'that would represent £100,000 gross profit in 5 months.
'So what's next? Another property around here or back to the Wirral?'
We've already eyed up a place in Fulham so we're going to go and have a look at it on Saturday.
We'll go to the next auction and hopefully get it and get on with the next project.
-Onwards and upwards, I think.
-If there's any footballers out there...
-We're coming your way!
-We're coming your way, yeah!
'John and Colette certainly look to have scored a winner in Twickenham and they didn't need extra time!'
'We return now to this mid-terrace property in Hanley, Stoke-on-Trent,
'where, earlier in the programme, Steve, a freelance IT project manager, paid £35,000 for it.
'His son, Paul, was going to do a lot of the renovation.
'Although he'd trained as a motor mechanic, he'd now decided to work with his dad,
'The refurbishment's taken four months. Both Paul and Steve met us to show us the results.
'The new windows and front door are a promising start.
'Inside, in the living room, the big stone fireplace is gone. That rubble must have been a pain!
'The neutral colour scheme continues into the dining room where, again, the fireplace has been removed.
'Beyond the kitchen, at the back, the bathroom's been retiled, but the suite remains.
'It's been Paul's first development and it sounds like he's put in more hours than his dad!'
Since we bought it, I've been here during the week and my dad's been up at weekends.
It's taken four months to get to this stage.
Paul came down just one or two days a week, and I came with my friend John on Saturdays.
But there was more work, so Paul came down all week and we did Saturdays and Sundays.
We've almost finished now and it'll be ready for letting out.
'This has been an invaluable opportunity for Paul to see what it takes
'to renovate a place like this.'
Originally, it was plastic tiles on the walls. Once we removed them, the plasterboard was damp and soggy.
So we took all that off and we had to get a few builders in to see what they thought.
We had a quote to rebuild the extension,
but the prices were too high, so me and my dad's mate John made a new cavity,
put the plasterboard on, plastered it, redone the roof to stop leaks and it turned out OK.
'With eight properties in his portfolio, Paul's dad Steve has picked up new skills on each one
'and he's getting confident.
'He wasn't afraid to remove any obstruction to gain extra valuable space in the kitchen.'
This is where the chimney was before. It came out to about here.
As you can see, it was taking up a lot of space in the kitchen.
So we decided we'd knock it down. It was a little bit scary as all the bricks came tumbling down.
So we put three lintels, concrete lintels, in the ceiling here,
to support the building. It's created a lot more space.
We've now got a long galley kitchen. A lot better than it was before.
'Paul has left the structural stuff to his dad, while he concentrated on the decorating,
'brushing up skills he'll need on other properties.'
I'm going back to college in September to do a part-time painting and decorating course.
I can earn money at the same time.
'How much has the refurbishment cost on top of the 35 grand paid for the property at auction?'
-Our original budget was £8,500.
-And we've actually spent about £7,500,
so we've come under budget.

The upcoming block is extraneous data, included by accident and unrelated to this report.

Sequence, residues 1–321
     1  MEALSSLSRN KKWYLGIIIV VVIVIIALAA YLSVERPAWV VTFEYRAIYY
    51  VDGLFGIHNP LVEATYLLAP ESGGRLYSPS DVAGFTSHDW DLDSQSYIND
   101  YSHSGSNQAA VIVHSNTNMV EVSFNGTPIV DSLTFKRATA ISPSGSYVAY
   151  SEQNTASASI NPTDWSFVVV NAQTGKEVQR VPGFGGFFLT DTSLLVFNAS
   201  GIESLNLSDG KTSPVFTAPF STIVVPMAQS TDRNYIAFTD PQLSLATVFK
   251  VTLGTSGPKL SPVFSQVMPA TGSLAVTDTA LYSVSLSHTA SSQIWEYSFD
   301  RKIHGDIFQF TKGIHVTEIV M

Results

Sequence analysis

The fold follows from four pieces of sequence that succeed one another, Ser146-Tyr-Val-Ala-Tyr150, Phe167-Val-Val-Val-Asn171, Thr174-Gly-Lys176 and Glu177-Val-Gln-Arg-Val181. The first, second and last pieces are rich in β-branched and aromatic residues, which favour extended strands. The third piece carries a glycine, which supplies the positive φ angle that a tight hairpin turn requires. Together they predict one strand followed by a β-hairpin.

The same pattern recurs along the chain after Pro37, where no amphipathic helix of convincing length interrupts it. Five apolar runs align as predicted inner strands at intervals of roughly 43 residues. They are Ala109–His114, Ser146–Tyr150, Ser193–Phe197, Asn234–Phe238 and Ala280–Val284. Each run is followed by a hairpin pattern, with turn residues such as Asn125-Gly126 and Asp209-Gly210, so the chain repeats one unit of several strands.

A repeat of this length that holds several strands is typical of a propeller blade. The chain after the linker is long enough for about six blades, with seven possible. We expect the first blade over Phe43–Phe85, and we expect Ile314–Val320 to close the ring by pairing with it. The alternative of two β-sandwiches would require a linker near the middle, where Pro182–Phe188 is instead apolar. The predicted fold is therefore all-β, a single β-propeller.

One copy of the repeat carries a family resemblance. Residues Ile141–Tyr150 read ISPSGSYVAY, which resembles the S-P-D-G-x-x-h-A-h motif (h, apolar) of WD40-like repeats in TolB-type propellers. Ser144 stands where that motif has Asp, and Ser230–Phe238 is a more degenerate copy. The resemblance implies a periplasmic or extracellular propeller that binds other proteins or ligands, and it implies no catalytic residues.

The only major cost has been the double glazing and the plastering work, really.
I've had a few friends to keep the cost down.
other than that, we did it ourselves. It's been really enjoyable, but hard work.
You're working all week, then Saturdays and Sundays here.
I've got a property round the corner that we need to renovate, so we know what we've let ourselves in for!
-And Paul's got one in Wales to start on next week.
-'No wonder Steve feels tired!
'Anyway, he's left Paul to find out what two local estate agents think
'of this property.'
The standard of finish is quite basic. It could have been done to a slightly higher standard.
There's a lot of natural light coming into the house.
It creates a lot of space. It's been decorated to quite a good standard,
although it could have been to a higher standard.
There's nothing additional structurally that can be improved that would make sense financially.
It just needs finishing off properly to get the top valuation figure.
I'd recommend a rental price of £395 per calendar month.
The likely rental income would be in the region of £350.
That's what I expected, £350. £395 is a bit of a surprise to us.
I'm sure my dad will be quite happy with the results of that.
We've had someone in from across the road interested in renting
and they've had a look round and seemed keen to move in quite quickly.
'It sounds like renting will be no problem. But how much is it worth?
'Steve paid £35,000 on auction day and they've spent £7,500,
'making a £42,500 total outlay.'
I'd recommend a valuation price of £59,950.
I would imagine this property to be placed on the market at £55,000.
'Goodness. Even the lower valuation of £55,000 would mean a minimum gross profit of £12,000
'before the usual deductions.'
Yeah, that's great. My dad was expecting about £50,000, so it's a bit above what we thought.
Our intention will still be to rent for a while and maybe later sell it.
'Paul's worked hard on this, his first project with his dad.
'Is he pleased to have changed his job from working in a warehouse to buying at an auction house?'
Yeah, this is a new career for me.
Joining college in September, so I'll get a trade and go from there.
We've done good as a team. Didn't expect to be as good as we were, but it's been all right.
-Join us for more pleasures and pitfalls of property developing next time.
-We will see you then.
Subtitles by Subtext for Red Bee Media Ltd - 2010
Email [email protected]
Martin Roberts and Lucy Alexander visit a bungalow in East Lothian, a conversion in Twickenham and a property in Stoke.
All of these properties were sold at auction; Martin and Lucy find out who bought them, and what they paid when they went under the hammer.